Emphasis on foreigners but statistics in short supply
Two recent government crime reports paint contradictory pictures of illegal activity in the Czech Republic, pointing to both the general difficulties of accurately gauging crime and differing concerns between prosecutors and police.
Some say the emphasis on crimes committed by foreigners in one of the reports plays into a growing sense of xenophobia in the country.
One report, by the Supreme State Attorney’s Office (NSZ), points to a general leveling-off in crime in recent years, but emphasizes a spike in criminal activity by foreigners and increasing cases of human trafficking and prostitution.
A second report, by the Justice Ministry’s Institute for Criminology and Social Prevention, emphasizes a greater need to combat organized crime and corruption among Czechs, even suggesting that the aforementioned NSZ needs to reform itself with special organized crime departments to deal with the growing threat.
The annual NSZ report is a compilation of statistics from various regional prosecutor offices, and is a measure of what types of crime found their way into the court system in 2008. Prime Minister Jan Fischer’s cabinet reviewed the report July 27.
The NSZ says 110,411 people were prosecuted for crimes last year, about a 3 percent decline from 2007, and points to this as a sign that overall crime levels have remained relatively flat. It says that financial crime and police corruption have declined, while crimes related to drugs, prostitution and human trafficking are on the rise.
Notably lacking are sub-sections on inter-ethnic and cyber crime.
“The report can’t cover all kinds of crime,” said NSZ spokeswoman Renata Malinová. “Internet crime is kind of hard to follow, as it represents a relatively new form of crime.”
Foreigners are explicitly mentioned as an increased source of crime in the report. One section of the report breaks down prosecutions by nationality. In a section discussing drug crime, the report notes, “The number of grow houses and labs is on the rise. It is interesting to observe that this crime is often committed by Vietnamese citizens.”
The statement comes despite the report’s failure to cross-reference crimes by foreigners with the different crime genres. When this question was posed to the NSZ, Malinová said the prosecutor’s office had no such statistics and directed The Post to other government agencies.
Eva Škrdlantová with the National Monitoring Center for Drugs and Addiction, citing the police, says that 79 grow house were raided last year, adding, “Vietnamese persons are probably responsible for parts of the large-scale production of indoor marijuana in the Czech Republic, but it can’t be said that only the Vietnamese community is responsible for it.”
Some in civil society are also questioning the NSZ conclusion, which is emblematic of several such sweeping statements in the report that lack statistical backing.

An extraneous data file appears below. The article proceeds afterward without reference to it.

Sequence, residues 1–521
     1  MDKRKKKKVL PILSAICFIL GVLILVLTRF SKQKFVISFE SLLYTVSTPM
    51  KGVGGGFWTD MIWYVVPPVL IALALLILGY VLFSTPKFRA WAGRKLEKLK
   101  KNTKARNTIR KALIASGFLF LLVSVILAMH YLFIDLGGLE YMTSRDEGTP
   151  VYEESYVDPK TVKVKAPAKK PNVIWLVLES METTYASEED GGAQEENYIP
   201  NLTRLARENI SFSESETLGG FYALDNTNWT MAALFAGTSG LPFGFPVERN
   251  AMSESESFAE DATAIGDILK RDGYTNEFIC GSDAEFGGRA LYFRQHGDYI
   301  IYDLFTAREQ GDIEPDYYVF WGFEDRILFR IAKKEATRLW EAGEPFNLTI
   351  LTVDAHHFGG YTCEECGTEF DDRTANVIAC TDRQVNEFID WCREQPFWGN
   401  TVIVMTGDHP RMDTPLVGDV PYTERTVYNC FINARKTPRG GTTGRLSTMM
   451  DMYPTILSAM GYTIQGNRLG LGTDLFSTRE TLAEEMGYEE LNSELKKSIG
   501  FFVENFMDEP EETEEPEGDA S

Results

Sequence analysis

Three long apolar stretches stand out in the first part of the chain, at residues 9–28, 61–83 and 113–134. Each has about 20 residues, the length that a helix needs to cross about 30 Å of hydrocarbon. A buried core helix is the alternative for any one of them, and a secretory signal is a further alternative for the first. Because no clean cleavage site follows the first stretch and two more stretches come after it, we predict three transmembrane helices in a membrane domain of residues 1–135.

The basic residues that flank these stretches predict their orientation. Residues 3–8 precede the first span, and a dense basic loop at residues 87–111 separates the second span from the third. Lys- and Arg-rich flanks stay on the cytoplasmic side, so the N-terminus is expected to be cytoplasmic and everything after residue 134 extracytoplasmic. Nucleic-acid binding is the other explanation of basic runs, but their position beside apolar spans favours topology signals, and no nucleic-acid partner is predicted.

“I admit [the information about the Vietnamese] may be biased,” said Katarína Oboňová with Transparency International.
Gwendolyn Albert, co-author of a forthcoming report on the Czech Republic by the Brussels-based European Network Against Racism, goes further.
“No statistical evidence speaks for itself,” she said. “It’s possible the Vietnamese are involved, but it is hard to believe they don’t have Czech business partners.”
The questions about the NSZ report grow when compared to a Justice Ministry report released in July based on surveys of police detectives. This report emphasizes that, by concentrating on crime committed by foreigners, officials have allowed corruption and domestic organized crime to flourish.
“In the past, the danger of the emergence of domestic organized crime was underestimated and paid insufficient attention,” the report says.
The report recommends that prosecutors reform their offices to include special departments to tackle domestic organized crime, and warns against potential efforts of organized crime groups to now covertly move profits into the legitimate economy – warning against fraud and the same such financial crime the NSZ says is in decline.
On another point, the Justice Ministry report recommends, “Further legislative treatment of corruption, a tougher legislation addressing the conflict of interest [and] stricter punishments for organized extortions and murders.”
A recent public opinion poll suggests that concerns among the Czech populace are more in line with those of the police, perceiving corruption and white-collar crime as major problems.
The Public Opinion Research Center recently released a poll where 80 percent of Czechs noted corruption as a major concern, and nearly 75 percent pointed to financial crime as a major problem.
– Sarah Borufka and Radka Zítková contributed to this report.
Foreigners accounted for 3 percent of total prosecutions in 2008. A new report touts a spike in crimes by foreigners but fails to detail past years.
No statistics for past years
Source: The Supreme State Attorney’s Office (NSZ)